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Week One: First Glimpses of the Burrowing Owl Family

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Three of the Five Burrowing Owl Babies

This spring I had the awesome opportunity to regularly observe a Burrowing Owl family.  For the next few blog posts, I’ll share images of the babies as they ventured out of the burrow and learned how to fly! For weeks I went by to check on the birds, finding nothing but Mom or Dad sitting on a fencepost.  Burrowing Owls can be so expressive, but I must admit that they were not exciting photographic subjects, sitting on fenceposts and sleeping.  But one morning I drove up and found five little fuzzballs sitting outside the burrow!  Burrowing Owls are typically about two weeks old when they first venture outside for the first time. I thought I spotted five babies as I drove up, but they dove for the burrow when they heard the car.  Only the oldest three stayed up to say hello to me.  I was careful to stay in my car and use my Beast lens and 2x teleconverter to minimize stressing the birds.  They got used to me quickly and posed adorably for the camera! I think a photographer must have told these babies how to stand together in cute poses.  They are such fun to watch!  There […]

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More Burrowing Owls from Brian Piccolo Park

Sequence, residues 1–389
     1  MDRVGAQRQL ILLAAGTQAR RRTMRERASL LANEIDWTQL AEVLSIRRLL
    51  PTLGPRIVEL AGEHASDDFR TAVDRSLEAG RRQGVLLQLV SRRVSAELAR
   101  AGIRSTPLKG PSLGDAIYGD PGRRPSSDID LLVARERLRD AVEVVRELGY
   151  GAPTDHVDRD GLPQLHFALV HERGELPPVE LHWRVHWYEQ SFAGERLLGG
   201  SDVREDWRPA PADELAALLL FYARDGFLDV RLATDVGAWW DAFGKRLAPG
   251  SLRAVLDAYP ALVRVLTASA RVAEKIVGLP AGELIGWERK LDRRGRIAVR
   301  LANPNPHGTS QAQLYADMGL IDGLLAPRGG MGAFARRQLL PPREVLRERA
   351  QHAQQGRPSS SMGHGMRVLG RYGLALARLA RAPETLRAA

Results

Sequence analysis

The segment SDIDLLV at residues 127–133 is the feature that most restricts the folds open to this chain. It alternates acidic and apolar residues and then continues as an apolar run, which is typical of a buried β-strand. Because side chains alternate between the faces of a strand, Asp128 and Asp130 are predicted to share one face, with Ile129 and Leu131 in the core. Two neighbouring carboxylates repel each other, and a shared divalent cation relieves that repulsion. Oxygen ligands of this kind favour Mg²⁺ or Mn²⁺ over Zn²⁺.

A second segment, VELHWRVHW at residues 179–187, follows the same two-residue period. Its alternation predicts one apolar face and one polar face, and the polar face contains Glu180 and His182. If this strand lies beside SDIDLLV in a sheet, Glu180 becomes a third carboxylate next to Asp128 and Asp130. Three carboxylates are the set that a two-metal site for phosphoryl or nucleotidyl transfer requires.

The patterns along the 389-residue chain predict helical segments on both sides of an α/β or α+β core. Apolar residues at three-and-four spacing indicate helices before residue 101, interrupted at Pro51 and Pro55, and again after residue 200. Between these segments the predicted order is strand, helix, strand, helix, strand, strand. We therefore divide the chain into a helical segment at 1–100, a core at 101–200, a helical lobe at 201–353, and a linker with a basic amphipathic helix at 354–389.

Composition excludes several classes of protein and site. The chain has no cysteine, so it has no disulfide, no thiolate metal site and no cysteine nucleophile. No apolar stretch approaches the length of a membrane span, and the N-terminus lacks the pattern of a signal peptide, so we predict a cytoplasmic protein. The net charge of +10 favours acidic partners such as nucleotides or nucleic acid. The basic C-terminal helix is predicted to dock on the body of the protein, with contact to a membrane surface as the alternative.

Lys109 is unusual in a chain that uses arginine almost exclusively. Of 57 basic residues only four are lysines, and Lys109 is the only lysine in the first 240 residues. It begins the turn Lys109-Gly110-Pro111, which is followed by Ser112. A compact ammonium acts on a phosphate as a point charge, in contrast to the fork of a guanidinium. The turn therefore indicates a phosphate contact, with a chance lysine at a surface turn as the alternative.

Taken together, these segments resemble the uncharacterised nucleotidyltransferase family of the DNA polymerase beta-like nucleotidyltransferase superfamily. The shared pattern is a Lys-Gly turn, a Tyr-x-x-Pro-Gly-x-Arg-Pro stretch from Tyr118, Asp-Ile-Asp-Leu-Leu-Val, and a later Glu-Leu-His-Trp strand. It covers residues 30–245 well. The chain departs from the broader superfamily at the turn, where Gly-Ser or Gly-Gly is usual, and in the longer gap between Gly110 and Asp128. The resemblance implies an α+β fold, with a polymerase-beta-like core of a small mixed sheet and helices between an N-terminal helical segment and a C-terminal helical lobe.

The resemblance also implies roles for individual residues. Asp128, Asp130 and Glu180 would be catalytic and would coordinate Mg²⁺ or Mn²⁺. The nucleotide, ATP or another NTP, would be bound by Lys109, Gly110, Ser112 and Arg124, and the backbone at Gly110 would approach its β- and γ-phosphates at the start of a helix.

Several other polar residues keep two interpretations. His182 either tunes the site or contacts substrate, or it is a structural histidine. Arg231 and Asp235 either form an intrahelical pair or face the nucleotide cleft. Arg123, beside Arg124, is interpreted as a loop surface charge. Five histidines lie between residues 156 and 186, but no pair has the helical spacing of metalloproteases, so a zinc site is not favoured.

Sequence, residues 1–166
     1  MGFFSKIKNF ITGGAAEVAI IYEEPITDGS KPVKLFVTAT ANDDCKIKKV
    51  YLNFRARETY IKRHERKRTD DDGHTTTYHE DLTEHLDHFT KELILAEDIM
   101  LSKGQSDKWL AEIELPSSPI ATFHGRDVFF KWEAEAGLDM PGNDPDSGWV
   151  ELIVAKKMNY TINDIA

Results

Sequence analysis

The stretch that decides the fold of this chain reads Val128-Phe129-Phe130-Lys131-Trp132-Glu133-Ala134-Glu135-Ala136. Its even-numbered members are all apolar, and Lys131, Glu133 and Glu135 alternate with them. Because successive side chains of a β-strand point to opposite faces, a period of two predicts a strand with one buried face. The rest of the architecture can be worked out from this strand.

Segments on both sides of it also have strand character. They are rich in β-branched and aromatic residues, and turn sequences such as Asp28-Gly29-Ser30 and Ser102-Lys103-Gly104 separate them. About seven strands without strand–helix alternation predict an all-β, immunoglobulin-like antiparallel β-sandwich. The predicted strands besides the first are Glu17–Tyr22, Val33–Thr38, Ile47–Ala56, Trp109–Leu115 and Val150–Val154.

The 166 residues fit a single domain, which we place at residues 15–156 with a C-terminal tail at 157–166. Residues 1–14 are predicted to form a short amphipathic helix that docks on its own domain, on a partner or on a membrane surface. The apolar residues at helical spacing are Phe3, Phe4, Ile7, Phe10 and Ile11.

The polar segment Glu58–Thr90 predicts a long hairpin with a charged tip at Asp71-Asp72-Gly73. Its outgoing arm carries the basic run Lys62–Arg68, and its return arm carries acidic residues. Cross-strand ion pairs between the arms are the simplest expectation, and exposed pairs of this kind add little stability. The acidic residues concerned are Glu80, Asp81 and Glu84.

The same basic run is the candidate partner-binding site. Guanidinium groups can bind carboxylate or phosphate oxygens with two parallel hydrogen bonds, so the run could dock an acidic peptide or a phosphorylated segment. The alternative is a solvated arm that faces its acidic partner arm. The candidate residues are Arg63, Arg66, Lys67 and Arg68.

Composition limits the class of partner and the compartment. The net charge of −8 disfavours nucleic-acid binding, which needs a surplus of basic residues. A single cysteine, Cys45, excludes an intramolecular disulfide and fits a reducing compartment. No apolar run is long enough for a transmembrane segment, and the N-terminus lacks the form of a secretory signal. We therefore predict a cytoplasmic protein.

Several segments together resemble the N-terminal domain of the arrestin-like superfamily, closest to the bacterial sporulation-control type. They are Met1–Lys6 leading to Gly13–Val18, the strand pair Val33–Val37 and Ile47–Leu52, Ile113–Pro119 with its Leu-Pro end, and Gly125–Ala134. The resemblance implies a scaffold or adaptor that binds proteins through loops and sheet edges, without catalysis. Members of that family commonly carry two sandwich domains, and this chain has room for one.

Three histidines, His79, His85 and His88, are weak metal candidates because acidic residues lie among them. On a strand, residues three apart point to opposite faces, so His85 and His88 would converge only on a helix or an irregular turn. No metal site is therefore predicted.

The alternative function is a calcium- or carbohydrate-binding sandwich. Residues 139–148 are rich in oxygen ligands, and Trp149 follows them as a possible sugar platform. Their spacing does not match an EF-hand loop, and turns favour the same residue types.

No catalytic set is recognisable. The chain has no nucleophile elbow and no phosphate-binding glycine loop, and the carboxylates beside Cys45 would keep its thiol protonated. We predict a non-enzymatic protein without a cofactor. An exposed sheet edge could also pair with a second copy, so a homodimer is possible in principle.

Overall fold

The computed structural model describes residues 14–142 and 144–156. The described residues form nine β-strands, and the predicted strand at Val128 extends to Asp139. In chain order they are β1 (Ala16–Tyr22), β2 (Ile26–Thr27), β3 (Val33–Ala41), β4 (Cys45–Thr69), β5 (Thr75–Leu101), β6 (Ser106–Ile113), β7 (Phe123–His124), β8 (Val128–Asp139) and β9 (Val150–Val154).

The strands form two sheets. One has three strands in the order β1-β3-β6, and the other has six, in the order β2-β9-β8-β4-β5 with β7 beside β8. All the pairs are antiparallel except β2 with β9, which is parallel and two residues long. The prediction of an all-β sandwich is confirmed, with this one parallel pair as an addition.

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Leading an Orchestra?

It’s time for round two on Burrowing Owls from Brian Piccolo Park! My last adventure was an evening shoot at a great nest with six babies.  I went back to the same burrow the next morning.  The owlets were nowhere near as active.  I set up my Beast on my tripod and lowered it as much as possible to get some portraits.  Getting low threw the entire area of grass and trees out of focus and gave me a pretty green background. The owlets were doing a lot of wing stretches.  They seemed to all be flying, at least small hops to the posts of their roped-off nest area.  The guy above reminds me of a ballerina pointing his toe as he stretches his wing. OK, I have to share what goes through my head when I see the image above.  You know the movie Legally Blonde?  The scene where Elle does the bend and snap?  Well, the owls are doing the “bend and stretch!”  I was pleased to be low to the ground to get a birds-eye view of this silly-looking movement. I guess the owlet above finished all his wing-ercising.  He flew to the top of the post […]